In fact, Stevens Creek Elementary School in Cupertino did not ban the Declaration of Independence. As the Cupertino Union School District stated in a November 30 news release, the Declaration is featured in the school's textbooks and is displayed in some school buildings. A December 8 editorial in the San Francisco Chronicle noted, "The Declaration of Independence is not banned from Stevens Creek Elementary School, or any classroom in Cupertino. Copies of the Declaration -- including the passages about the inalienable rights of all men 'endowed by their Creator' and the founders' 'reliance on the protection of divine providence' -- hang in classrooms. It appears in textbooks distributed throughout the district."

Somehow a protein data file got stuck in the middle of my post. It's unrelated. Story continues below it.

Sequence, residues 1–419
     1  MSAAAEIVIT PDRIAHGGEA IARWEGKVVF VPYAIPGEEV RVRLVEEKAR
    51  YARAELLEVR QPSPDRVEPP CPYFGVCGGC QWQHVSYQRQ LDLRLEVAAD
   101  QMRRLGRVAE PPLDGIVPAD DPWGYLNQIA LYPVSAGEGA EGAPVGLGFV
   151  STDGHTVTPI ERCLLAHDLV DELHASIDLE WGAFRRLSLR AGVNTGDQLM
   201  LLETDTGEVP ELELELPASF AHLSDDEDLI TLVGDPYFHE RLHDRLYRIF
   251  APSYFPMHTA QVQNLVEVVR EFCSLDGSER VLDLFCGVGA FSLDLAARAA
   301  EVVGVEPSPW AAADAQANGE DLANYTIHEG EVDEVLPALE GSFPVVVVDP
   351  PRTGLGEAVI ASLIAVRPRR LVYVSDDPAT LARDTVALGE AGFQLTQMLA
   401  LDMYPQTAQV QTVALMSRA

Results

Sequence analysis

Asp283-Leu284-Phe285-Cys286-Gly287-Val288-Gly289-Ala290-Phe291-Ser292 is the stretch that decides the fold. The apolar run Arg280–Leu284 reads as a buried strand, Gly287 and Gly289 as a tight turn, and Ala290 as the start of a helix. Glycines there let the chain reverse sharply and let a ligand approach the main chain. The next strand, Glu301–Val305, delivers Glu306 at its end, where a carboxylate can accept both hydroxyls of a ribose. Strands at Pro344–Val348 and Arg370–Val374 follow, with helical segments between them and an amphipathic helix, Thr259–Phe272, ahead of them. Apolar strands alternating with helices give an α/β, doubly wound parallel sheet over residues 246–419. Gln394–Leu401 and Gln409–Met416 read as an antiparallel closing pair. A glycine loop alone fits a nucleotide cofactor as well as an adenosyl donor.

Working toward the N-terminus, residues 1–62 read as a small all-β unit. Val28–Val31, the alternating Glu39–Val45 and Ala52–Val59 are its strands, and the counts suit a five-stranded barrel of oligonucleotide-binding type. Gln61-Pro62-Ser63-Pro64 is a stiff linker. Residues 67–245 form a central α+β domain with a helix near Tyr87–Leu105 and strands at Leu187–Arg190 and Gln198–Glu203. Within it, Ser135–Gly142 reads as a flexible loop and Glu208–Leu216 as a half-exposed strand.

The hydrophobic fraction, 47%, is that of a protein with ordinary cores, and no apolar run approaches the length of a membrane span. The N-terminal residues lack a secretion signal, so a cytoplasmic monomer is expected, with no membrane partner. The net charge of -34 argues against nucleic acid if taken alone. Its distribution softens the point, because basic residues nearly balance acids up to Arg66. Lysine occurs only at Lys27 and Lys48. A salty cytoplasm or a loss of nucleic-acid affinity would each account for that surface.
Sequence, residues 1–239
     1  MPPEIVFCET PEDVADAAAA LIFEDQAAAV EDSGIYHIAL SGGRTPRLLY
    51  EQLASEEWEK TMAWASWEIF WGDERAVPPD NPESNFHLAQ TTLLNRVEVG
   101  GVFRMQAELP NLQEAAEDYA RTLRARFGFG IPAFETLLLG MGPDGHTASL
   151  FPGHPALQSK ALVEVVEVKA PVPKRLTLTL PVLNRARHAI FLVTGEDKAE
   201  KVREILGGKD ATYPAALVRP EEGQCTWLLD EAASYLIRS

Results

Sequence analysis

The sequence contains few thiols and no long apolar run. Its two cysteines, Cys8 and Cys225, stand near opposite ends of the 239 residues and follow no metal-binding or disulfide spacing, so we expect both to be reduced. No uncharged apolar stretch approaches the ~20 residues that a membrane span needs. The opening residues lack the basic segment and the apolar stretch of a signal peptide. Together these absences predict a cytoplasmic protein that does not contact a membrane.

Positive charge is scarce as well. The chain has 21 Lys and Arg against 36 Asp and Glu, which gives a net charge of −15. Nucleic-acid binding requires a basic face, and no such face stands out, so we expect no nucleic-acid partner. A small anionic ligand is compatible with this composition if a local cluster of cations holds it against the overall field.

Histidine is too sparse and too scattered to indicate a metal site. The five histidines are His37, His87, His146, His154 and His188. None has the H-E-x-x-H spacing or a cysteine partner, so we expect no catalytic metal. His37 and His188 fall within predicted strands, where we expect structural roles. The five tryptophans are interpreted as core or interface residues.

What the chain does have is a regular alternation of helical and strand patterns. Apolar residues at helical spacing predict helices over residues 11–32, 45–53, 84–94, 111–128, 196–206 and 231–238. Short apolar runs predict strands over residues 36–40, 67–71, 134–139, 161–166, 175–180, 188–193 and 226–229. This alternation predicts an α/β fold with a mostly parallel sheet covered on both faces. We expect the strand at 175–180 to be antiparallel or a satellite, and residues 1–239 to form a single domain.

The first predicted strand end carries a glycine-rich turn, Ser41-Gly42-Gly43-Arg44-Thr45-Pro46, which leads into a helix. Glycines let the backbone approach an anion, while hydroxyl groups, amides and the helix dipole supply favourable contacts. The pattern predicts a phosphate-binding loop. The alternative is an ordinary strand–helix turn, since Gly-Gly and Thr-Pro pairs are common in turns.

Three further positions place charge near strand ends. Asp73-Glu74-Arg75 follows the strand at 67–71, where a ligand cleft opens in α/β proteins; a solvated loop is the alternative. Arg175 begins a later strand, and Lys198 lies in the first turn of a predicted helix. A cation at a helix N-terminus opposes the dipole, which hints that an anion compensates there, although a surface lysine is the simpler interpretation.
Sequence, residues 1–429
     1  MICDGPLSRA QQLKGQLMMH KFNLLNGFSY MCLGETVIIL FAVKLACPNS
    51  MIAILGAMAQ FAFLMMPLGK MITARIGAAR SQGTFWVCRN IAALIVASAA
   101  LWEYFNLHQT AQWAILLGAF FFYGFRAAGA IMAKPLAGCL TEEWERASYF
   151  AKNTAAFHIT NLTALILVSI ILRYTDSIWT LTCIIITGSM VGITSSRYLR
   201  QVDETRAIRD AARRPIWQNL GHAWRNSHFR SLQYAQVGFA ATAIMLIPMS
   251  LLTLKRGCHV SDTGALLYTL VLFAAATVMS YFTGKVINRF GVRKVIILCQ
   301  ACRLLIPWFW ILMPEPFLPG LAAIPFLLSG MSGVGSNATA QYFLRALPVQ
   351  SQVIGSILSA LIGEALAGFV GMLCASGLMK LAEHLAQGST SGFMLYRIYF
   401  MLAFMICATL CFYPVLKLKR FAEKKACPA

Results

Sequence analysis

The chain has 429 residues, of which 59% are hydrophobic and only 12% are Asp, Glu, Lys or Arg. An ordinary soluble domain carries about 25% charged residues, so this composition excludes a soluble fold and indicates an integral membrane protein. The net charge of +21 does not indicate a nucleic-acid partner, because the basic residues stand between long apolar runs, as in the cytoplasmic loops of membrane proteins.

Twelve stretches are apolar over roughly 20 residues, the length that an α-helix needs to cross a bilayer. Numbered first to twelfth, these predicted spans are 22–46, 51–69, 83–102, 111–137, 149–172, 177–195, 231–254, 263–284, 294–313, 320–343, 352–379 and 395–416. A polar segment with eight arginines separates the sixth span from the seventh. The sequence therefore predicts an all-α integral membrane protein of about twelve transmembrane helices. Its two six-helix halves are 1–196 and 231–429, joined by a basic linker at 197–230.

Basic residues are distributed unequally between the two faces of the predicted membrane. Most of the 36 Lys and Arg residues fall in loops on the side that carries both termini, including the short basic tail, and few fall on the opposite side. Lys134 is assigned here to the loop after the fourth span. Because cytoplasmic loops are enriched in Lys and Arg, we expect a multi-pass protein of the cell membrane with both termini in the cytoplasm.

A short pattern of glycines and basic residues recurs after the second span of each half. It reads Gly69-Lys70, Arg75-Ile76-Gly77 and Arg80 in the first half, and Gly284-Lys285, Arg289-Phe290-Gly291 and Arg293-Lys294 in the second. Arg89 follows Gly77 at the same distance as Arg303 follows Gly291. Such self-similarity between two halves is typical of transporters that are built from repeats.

Even the lawsuit, which was brought forth on behalf of teacher Stephen Williams by the right-wing Alliance Defense Fund challenging the school's decision to prohibit the handouts, acknowledged that the school has not imposed an outright prohibition on the mention of God or the discussion of religious beliefs in the classroom. The lawsuit recognized that "other teachers are permitted to show films and distribute handouts containing references to God," and that Williams had been permitted to teach "lessons on the origins of religious holidays" during that school year and had provided handouts relating to religion in the past "without any problems." Despite that acknowledgement, an Alliance Defense Fund press release about the lawsuit was headlined "Declaration of Independence Banned from Classroom."
When this story broke I remember thinking that it sounded awfully fishy, and I'm not at all surprised that it was blown out of proportion. The original news stories all seemed to be completely from the teacher's camp with minimal input from the school involved. Fair and balanced and all.